Like many American game publishers, University Games publishes a number of games based on licensed properties. Usually these games are nothing more than your standard roll and move game with artwork from a book or TV thrown in. It’s often a stretch to call these games. They are more like a commercial for the product being licensed. My son is a big fan of Super Why by PBS Kids, so when I saw the game at the New York Toy Fair I knew it was something I needed to check out. When I was opening the box I hoped that this wouldn’t be the same old roll and move commercial. I was delighted to see that it wasn’t. In the TV program the characters are known as “Super Readers”. They use various literacy skills to solve a problem. In the game, players use the same skills that are featured on the TV show. It’s a fun way to work with preschoolers on these skills.
Players start by spinning the spinner and moving that number of spaces. You might be thinking “wait, you said it wasn’t your standard roll and move game”. Even though has a roll and move element, that isn’t the central element of the game. The central element is using literacy skills. After moving, your playing piece will be on one of the four character spaces. These correspond to the main characters on the show. You draw a card that matches that character.
- Alpha Pig (Alphabet Power) The card will show a lowercase letter. You must point to the uppercase version of the letter on the board.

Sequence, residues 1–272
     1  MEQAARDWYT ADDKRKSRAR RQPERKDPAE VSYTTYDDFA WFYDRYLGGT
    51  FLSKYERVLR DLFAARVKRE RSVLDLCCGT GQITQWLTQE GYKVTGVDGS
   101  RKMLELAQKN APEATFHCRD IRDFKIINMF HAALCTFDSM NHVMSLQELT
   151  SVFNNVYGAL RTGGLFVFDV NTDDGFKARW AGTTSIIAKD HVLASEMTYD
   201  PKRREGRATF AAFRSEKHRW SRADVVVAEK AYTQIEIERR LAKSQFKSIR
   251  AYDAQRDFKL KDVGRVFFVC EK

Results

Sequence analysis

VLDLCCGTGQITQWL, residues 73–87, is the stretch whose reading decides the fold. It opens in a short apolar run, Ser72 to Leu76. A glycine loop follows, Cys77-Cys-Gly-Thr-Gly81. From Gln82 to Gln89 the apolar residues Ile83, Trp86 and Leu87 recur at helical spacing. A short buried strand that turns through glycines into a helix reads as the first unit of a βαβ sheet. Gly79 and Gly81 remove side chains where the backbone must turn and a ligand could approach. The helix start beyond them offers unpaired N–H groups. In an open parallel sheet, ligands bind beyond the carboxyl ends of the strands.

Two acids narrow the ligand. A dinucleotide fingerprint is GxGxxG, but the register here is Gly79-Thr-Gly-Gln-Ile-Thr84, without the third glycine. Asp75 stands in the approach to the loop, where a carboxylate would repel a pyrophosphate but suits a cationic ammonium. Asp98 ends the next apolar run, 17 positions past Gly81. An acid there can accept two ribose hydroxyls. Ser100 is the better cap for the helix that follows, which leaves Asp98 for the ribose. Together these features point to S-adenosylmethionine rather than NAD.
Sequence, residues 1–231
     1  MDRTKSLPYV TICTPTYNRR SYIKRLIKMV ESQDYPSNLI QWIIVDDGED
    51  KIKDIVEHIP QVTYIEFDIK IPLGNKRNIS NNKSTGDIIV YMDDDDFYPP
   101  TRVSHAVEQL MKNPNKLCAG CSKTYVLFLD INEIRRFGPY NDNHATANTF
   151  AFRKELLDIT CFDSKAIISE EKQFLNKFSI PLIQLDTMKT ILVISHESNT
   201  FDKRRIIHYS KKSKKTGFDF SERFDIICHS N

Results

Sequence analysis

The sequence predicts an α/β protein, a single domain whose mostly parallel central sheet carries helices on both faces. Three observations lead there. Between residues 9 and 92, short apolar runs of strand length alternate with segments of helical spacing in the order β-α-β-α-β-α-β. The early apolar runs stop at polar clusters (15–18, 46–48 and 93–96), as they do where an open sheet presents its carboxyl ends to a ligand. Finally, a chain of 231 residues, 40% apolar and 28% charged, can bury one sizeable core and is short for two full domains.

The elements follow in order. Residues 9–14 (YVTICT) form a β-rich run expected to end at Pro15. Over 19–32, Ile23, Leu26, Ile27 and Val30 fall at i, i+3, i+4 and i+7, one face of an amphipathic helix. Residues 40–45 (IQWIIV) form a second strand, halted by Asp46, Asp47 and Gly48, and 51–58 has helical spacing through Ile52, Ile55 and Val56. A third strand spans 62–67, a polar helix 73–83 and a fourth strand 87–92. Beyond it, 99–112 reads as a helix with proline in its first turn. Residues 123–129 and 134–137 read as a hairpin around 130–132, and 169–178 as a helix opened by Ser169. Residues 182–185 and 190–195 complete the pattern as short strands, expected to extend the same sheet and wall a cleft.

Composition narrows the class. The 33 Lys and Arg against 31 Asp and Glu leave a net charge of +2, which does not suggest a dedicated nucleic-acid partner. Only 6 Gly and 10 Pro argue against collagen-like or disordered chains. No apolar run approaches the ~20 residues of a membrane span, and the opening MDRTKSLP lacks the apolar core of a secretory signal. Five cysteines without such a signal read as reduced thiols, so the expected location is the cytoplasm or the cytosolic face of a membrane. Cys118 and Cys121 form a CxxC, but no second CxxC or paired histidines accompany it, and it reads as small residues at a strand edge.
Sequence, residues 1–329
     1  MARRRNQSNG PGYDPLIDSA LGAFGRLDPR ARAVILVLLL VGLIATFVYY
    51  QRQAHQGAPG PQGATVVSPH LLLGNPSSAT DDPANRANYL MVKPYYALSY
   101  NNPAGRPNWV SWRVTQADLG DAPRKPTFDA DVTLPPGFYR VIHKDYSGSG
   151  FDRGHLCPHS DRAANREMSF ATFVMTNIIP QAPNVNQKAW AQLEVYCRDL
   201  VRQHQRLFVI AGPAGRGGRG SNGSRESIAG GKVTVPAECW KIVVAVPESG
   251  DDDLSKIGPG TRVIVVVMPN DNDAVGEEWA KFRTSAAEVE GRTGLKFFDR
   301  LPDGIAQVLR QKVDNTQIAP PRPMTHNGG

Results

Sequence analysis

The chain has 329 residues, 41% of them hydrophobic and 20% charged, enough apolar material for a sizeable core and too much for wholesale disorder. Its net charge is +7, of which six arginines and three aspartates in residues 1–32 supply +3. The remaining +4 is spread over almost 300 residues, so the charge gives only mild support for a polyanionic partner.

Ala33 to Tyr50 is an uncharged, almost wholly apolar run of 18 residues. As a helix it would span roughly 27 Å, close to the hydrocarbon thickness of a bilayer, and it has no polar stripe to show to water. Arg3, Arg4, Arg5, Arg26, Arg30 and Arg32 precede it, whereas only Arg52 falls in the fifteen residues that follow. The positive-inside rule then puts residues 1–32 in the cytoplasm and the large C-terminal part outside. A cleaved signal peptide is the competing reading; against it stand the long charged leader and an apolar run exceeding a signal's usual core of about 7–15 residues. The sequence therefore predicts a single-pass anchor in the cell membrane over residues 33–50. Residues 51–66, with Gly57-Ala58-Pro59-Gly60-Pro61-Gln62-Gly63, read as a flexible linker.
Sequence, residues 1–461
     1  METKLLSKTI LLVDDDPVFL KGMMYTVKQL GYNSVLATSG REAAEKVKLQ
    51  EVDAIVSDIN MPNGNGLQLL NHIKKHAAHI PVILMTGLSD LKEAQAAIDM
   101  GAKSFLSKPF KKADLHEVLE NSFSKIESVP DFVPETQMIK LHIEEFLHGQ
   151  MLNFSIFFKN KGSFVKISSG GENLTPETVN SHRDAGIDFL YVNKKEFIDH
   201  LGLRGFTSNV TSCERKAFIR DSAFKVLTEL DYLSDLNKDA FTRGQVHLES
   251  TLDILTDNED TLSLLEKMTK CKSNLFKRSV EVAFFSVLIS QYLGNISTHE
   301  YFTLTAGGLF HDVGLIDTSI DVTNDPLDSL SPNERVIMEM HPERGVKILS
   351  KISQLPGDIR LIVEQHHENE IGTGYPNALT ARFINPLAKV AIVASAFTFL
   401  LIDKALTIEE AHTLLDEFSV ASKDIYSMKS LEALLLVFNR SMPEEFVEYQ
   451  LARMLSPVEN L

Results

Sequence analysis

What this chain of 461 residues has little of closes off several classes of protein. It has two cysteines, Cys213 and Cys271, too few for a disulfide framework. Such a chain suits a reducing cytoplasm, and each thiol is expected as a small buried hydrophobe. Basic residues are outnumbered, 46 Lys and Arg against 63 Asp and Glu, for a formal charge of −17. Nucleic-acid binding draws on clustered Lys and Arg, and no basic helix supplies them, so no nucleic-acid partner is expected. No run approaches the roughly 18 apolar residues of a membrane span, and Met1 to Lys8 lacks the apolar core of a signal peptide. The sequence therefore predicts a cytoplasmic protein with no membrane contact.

- Wonder Red (Word Power) The card will have 2 words that rhyme. You must say a word that rhymes with them. The card shows both text and pictures for both words.
- Princess Presto (Spelling Power) The card shows a picture. You must point to the first letter or the first two letters of the word pictured.
- Super Why (The Power to Read) There are two types of Super Why cards. The first shows a picture and you must point to the word on the board that matches the picture. The second type shows a silly sentence with one word underlined. You must point to a word on the board that should replace the underlined word to change the sentence to one that makes sense. With younger children you might want to not use this second type of card.
The game box says for ages 3 and up and that seems reasonable. My son is 2 and half and we’ve started playing it with him. He’s not ready for the rhyming part yet, but that doesn’t stop us from playing. We just have him point to the first letter of one of the words on card.
You might need to adjust the game to the literacy level of the children playing. Just remove the cards that use skills they haven’t acquired yet. You can add those back in as they progress. Of course if they aren’t reading yet, you’ll need to read the card to them, or better yet “with them”.
If your kids love Super Why then they’ll probably love this game. If they know the characters from the TV show, they should pick things up very quickly. Don’t worry if they aren’t familiar with the TV show, they can still play and learn.